Global Wage Report 2020-21


  • Recently, the International Labour Organization(ILO) published the Global Wage Report 2020-21, which revealed the shocking facts of wage impact due to Covid-19 pandemic.
  • The Global Wage Report – the seventh in the series – looks at recent trends in wages, the global economic and labour market context, and the impact that the pandemic has had on wages.
  • The report also includes a number of policy recommendations to mitigate the negative impact of the crisis.

Key Findings

Recent Trends in Wages

  • In the four years preceding the COVID-19 pandemic (2016–19), global wage growth fluctuated between 1.6 and 2.2 percent; when China is excluded from the sample, real wage growth in those four years fluctuated at a lower level, between 0.9 and 1.6 percent.
  • In the first half of 2020, as a result of the COVID-19 crisis, a downward pressure on the level or growth rate of average wages was observed in two thirds of the countries; in other countries average wages increased, largely artificially as a reflection of the substantial job losses among lower-paid workers.
  • The crisis disproportionately affected lower-paid workers, thereby increasing wage inequalities.

Minimum Wages and Inequality

  • The extent to which a minimum wage may reduce wage and income inequality depends on at least three key factors: the effectiveness of minimum wages, the level at which minimum wages are set, and the characteristics of minimum wage earners.
  • The report shows that minimum wages, statutory or negotiated, exist in 90 per cent of the 187 ILO Member States.
  • The groups most frequently excluded from legal coverage of minimum wage systems are agricultural workers and domestic workers.
  • Globally, the majority of wage earners paid at or below the hourly minimum wage are located in the lower tail of the distribution of household incomes, but the characteristics of minimum wage earners vary by country and by region.

Impact on Women Workforce

  • The impact of the crisis had been different for women and men. Low-paid workers, disproportionately women, were the most affected by loss of working hours.
  • The report estimated that women workers in a selection of European countries would have faced an 8.1% reduction in wages between the first and second quarters of 2020, as opposed to 5.4% for men without payment of wage subsidies.
  • Such a discrepancy was mainly caused by reduced working hours, more than by the difference in the number of lay-offs. The wage bill lost as a result of the drop in working hours was 6.9 percent for women compared to 4.7 percent for men.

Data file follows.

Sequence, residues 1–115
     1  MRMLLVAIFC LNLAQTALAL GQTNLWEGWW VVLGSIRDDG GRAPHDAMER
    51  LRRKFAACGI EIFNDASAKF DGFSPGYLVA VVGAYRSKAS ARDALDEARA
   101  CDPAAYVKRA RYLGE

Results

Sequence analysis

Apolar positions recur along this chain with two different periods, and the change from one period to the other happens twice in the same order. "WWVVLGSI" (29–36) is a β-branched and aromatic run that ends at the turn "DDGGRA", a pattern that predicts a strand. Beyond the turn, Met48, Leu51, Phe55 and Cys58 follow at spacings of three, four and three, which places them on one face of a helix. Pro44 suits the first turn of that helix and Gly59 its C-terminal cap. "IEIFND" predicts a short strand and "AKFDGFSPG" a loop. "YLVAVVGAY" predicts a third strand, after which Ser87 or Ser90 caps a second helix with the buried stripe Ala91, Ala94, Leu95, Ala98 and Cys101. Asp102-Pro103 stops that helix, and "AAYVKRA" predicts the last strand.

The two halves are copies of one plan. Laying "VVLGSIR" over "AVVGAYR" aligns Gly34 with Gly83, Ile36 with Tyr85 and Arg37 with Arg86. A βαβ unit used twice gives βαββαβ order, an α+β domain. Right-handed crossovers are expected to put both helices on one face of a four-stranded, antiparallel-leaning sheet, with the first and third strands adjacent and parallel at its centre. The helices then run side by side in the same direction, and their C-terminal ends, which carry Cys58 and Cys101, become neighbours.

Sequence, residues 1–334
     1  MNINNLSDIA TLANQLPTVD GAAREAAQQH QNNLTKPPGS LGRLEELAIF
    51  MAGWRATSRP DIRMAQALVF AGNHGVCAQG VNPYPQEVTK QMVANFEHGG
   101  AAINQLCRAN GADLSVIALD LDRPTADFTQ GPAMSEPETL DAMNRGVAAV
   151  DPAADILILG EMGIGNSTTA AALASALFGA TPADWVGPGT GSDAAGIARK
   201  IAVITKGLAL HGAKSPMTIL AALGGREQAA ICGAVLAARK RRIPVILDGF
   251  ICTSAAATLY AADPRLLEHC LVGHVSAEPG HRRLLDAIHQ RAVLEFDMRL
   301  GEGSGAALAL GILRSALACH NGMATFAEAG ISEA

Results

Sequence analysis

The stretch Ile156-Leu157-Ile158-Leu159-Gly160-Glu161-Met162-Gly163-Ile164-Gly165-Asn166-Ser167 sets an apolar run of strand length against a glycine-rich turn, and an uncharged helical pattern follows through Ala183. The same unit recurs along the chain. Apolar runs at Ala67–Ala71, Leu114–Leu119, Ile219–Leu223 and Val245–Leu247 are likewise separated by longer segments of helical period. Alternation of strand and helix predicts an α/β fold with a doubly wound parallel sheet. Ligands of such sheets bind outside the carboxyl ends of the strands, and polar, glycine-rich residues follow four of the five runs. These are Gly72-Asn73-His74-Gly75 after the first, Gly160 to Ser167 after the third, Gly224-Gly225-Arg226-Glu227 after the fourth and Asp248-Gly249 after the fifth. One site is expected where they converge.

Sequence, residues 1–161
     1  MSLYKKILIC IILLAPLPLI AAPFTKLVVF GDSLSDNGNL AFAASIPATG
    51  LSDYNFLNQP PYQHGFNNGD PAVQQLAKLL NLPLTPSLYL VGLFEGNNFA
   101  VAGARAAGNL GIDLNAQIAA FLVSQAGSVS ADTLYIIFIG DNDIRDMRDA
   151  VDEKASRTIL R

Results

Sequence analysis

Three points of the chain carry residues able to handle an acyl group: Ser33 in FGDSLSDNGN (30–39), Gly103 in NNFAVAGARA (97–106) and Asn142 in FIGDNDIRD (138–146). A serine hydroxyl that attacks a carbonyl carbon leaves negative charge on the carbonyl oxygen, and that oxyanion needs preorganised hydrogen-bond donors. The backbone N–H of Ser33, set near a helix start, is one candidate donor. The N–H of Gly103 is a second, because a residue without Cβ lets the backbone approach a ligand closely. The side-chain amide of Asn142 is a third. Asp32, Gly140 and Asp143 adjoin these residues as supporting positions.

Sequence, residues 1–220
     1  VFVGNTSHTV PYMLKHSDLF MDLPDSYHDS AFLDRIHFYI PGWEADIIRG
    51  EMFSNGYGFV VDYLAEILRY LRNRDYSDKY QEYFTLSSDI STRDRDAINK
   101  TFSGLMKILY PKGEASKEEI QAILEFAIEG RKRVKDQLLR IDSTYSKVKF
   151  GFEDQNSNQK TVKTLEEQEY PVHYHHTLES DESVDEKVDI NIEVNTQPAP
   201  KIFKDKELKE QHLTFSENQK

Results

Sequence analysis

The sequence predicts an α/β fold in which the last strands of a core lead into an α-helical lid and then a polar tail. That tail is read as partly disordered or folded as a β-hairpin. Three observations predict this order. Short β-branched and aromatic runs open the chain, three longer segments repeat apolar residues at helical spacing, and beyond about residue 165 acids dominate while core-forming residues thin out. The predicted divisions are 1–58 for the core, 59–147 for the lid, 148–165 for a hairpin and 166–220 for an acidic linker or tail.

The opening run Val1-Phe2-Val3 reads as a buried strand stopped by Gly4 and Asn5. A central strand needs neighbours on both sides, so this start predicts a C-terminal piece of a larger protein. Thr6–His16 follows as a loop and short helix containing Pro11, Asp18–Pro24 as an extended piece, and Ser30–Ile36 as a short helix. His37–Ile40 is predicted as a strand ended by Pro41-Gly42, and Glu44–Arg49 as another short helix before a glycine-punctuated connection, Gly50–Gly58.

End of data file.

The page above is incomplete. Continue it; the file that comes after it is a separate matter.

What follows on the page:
• Furthermore, women have also suffered from the unequal sharing of household work, exacerbated by the increased child-care needs during the pandemic

India Related Findings

  • Informal workers in India suffered a 22.6% fall in wages, even as formal sector employees had their salaries cut by 3.6% on an average. Those in lower-skilled occupations lost more working hours than higher-paying managerial and professional jobs.
  • Real wage growth in India was one of the lowest in the Asia Pacific, lower than even Pakistan, Sri Lanka, and Vietnam, according to the global report, Wage and minimum wage in the time of covid-19.

Suggestive Policy Measures

  • In the near future, the economic and employment consequences of the COVID-19 crisis are likely to exert massive downward pressure on workers’ wages. Hence, adequately balanced wage adjustments, taking into account relevant social and economic factors, will be required to safeguard jobs and ensure the sustainability of enterprises.
  • Adequate and balanced wage policies through strong and inclusive social dialogue, are needed to mitigate the impact of the crisis and support economic recovery.
  • Adjustments to the rates to compensate for price inflation are essential for ensuring that low-paid workers and their families are able to maintain their living standards.
  • In establishing adequate minimum wages, governments should make every effort to ensure the full consultation and, as far as possible, the direct participation, on an equal basis, of the social partners in the establishment and functioning of minimum wage systems.
  • Furthermore, to be most effective, minimum wages must be accompanied by other policy measures that support the formalization of the informal economy, the creation of paid employment and the growth of productivity among sustainable enterprises. Minimum wages are only one in a set of policies – which include social protection and fiscal policies – that can be used to promote economic growth with social justice.

ILO’s Initiative against Minimum Wage

  • In 2019, the ILO adopted the Centenary Declaration for the Future of Work, which calls for a human-centred approach to the future of work and, as part of this, for adequate wages for workers. The Declaration calls for the institutions of work to be strengthened to ensure adequate protection of all workers, and reaffirms the continued relevance of the employment relationship, while recognizing the extent of informality and the need to achieve transition to formality.
  • The Minimum Wage Fixing Convention, 1970 (No. 131), setting an adequate minimum wage level should involve social dialogue and take into account the needs of workers and their families as well as economic factors.

Source: Civil Services Chronicle February 2021

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